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AN INTERVIEW WITH RALPH MACCHIO

ORIGINALLY FEATURED IN 1997- by Andrew Goletz

After months of Gray Haven bashing the current state of the Spider-Man books and the back peddling by Marvel on the highly original, risk taking move of introducing the Spider-Clone, Ben Reilly as the one, true Spider-Man, Spider-Man group editor Ralph Macchio graciously skipped lunch and took time out to answer questions about everything from the clone to the future of the books.

AG: Did you request to be brought on board as editor or were you asked to?
RM: After everything that happened in recent months, Bob Harris reassigned a lot of the positions and I was given the job to edit the four core books. I think I got extremely lucky, and Iím excited to be on them, but no, I didnít ask for it.

AG: What was the rational behind reintroducing the Spider-Clone (Ben Reilly) and making him the real Peter Parker?

RM: I wasnít around for the whole thing, so some of the information is second hand. People felt that the character of Peter Parker was becoming bland. They wanted to get back to his carefree days where he was without commitment and short of killing Mary Jane, which we didnít want to do, bringing Ben into the book seemed to be the most logical way to go.

AG: When was the decision made to revert and put Peter back into the suit?
RM: Originally, we were going to do a story where Ben and Peter concoct a story where the assume each otherís identity. Pete and MJ would move away and raise a family and Ben would adopt Peter Parker's identity and fake a divorce. There was reader backlash and something had to be done. Pete and MJ were already gone from the books and I was brought in to look at the whole picture and try and make it work.

AG: How is something like this decided?

RM: We got together and we each came up with ideas; everyone has a say.

AG: Is the decision that was made, to kill Ben and prove the results of him being the real Peter to be false, the only way you think it could have ended?

RM: Yes. It was the only way to resolve the story properly.

AG: The resurrection of Norman Osborn. What prompted this decision?
RM: We needed a satisfying resolution to the story and bringing Norman back was the answer.

AG: How does that work? This character is believed dead for 20 years (our time). Did you need special permission to undo that?

RM: There were no mandates to not bring Norman back, but his death was so meaningful, there never seemed to be a story worthy of bringing him back, until this.

AG: Was it always intended for the mastermind behind all of these events to be Norman?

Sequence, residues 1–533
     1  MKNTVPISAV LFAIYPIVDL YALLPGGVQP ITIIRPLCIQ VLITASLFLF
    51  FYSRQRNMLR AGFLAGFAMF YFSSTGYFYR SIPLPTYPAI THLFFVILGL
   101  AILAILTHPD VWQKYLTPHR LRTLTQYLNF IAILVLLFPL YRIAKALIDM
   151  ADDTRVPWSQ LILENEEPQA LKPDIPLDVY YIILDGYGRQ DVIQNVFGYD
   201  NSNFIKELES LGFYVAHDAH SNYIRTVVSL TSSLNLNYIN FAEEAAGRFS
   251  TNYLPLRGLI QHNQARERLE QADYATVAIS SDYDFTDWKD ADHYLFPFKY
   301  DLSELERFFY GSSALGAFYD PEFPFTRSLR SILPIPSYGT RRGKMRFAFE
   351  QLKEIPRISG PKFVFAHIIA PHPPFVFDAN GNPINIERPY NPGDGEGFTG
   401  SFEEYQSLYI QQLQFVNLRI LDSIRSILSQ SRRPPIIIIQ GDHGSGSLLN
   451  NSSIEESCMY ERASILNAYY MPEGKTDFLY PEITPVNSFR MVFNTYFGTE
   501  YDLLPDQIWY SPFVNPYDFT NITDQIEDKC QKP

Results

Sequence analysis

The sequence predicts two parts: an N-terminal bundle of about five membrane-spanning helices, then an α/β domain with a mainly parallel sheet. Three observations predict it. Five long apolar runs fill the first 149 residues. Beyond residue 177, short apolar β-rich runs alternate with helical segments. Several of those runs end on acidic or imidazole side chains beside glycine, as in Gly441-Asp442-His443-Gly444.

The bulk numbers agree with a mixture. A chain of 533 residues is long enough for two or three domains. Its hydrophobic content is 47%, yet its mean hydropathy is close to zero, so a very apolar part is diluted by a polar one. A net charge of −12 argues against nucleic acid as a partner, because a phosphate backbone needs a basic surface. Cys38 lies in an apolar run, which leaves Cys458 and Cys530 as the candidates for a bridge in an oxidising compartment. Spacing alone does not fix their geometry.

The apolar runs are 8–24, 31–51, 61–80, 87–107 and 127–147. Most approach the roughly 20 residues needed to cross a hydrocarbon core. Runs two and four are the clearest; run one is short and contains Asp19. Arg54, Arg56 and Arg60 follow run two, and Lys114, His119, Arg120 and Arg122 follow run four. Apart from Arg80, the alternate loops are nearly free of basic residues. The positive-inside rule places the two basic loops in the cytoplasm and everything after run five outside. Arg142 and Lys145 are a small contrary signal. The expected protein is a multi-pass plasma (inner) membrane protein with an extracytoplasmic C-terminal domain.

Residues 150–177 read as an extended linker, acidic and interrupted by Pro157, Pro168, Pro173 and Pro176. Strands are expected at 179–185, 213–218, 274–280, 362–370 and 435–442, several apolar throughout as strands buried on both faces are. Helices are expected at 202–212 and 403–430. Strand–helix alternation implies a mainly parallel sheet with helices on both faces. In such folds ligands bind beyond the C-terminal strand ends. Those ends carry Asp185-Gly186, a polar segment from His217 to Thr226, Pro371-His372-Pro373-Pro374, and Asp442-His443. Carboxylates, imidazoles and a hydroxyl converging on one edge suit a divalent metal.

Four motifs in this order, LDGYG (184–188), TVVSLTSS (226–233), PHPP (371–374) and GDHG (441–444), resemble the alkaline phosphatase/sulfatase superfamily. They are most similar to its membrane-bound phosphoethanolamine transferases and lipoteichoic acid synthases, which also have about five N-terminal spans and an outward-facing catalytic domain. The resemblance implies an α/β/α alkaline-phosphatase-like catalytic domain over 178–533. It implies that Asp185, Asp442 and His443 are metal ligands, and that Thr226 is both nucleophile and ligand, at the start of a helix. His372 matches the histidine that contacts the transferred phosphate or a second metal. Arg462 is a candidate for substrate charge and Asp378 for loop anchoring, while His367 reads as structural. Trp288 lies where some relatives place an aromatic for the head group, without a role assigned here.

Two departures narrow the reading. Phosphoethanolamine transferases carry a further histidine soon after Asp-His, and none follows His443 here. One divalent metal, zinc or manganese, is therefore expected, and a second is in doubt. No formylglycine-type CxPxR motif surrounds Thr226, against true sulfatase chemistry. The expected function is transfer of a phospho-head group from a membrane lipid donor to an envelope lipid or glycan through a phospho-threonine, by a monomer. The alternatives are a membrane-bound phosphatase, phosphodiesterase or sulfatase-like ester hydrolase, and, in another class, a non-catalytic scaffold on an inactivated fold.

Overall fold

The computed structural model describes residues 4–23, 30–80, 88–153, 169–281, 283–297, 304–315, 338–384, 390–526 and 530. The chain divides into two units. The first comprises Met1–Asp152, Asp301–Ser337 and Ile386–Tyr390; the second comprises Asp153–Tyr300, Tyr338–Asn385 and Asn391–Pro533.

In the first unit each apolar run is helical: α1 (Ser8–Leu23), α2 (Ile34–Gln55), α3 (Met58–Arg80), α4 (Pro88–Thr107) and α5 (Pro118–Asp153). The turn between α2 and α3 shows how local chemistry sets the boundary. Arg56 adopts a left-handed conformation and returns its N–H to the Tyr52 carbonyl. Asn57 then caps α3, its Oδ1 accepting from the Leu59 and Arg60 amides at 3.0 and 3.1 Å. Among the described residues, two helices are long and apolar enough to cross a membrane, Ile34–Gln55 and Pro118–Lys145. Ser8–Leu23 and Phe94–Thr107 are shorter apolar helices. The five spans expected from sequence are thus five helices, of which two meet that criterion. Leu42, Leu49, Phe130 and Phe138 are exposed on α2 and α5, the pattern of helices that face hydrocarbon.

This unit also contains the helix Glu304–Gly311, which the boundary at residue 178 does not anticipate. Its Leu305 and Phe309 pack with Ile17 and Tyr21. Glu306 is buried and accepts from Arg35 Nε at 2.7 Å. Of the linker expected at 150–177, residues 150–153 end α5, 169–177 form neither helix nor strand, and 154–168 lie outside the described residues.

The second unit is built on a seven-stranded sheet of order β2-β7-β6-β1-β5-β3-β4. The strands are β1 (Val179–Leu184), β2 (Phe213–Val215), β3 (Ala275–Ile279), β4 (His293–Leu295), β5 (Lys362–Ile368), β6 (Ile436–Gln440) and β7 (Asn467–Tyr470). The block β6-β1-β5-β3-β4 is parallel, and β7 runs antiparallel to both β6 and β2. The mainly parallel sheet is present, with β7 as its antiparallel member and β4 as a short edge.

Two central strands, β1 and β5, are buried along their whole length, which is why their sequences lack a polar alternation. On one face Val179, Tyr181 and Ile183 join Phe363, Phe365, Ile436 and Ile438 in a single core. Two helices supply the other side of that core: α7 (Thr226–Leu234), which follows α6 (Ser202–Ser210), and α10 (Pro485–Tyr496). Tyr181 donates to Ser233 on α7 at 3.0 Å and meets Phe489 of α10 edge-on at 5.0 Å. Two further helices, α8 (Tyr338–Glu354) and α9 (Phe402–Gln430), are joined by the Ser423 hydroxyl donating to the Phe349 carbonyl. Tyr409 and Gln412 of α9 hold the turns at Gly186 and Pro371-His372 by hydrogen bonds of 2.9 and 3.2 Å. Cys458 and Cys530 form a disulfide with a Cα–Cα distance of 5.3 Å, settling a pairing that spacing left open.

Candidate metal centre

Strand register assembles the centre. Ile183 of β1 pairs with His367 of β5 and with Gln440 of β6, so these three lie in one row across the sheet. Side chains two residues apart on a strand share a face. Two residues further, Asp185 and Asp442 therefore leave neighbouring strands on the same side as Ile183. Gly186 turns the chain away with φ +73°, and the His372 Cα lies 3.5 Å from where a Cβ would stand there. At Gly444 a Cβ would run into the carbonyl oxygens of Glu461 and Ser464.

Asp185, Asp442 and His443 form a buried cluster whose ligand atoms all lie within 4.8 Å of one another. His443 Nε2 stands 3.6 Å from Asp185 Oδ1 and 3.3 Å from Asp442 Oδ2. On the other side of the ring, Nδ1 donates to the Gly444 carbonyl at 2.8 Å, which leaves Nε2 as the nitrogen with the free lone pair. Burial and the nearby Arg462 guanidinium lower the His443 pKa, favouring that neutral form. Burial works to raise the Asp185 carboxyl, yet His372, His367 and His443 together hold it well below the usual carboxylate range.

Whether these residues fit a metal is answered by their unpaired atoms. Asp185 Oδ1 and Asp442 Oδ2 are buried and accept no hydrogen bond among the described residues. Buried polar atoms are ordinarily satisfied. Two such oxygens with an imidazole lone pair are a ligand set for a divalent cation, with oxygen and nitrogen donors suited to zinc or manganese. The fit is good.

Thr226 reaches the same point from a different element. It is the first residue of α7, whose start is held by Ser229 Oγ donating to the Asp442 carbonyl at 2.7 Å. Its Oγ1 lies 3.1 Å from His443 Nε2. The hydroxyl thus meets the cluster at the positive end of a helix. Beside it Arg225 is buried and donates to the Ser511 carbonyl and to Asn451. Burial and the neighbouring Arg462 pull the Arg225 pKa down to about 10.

RM: I donít believe so.

AG: Unlike when Batman and Superman were replaced with newer versions, Ben Reilly wasnít made out to be a jerk. He was a good character and in a lot of way, superior to the way Peter Parker was being written. Was this the intent?

RM: Of course. We wanted the readers to accept Ben Reilly. He was Peter Parker and there was the added benefit that he didnít have to go through all the trauma that Peter went through. He was more of a free spirit.

AG: Even when you knew his final fate?
RM: Once it was decided that Ben was in the suit, for however long it was, he was going to be likable. We didnít want the readers to hate Spider-Man, even if it wasnít the Peter. If the character was a jerk, who would care about what happened to him. We wanted Ben to be likable. We wanted his death to have meaning.

AG: Was this the only way to go? Was anything else considered?

RM: There were other ideas presented, but for everyoneís piece of mindÖ.

AG: Was it hard writing a character when you knew he was going to die?

RM: Very hard. We all felt guilty writing the scenes, especially with Ben and Peter discussing their futures and how Ben will be the godfather. It was heartbreaking. You get to regard these characters almost like real people and we begin to care. We knew Ben would never be the uncle to Peter and MJís baby. It wasnít going to happen, and we hope that itís a moving experience for the readers.

AG: Why should people read Spider-Man now? After all thatís happened, what would motivate someone to continue to or just now go out and pick up the books.

RM: Well, all of these loose ends have been tied up, and Spider-Man is back on track as he should be. When heís done right and stays true to character, I think heís the best character out there. Readers can identify with Peter Parker and with Spider-Man as they can with no other character from Marvel or anywhere else. There are many interesting facets to the character and we will be dealing with them all in the books. Each book will have its own separate identity, so thereís something for everyone. Spider-Man is back where he should be, and I think that old and new readers alike are going to enjoy the stories we present in the future.

Copyright©2000 Andrew Goletz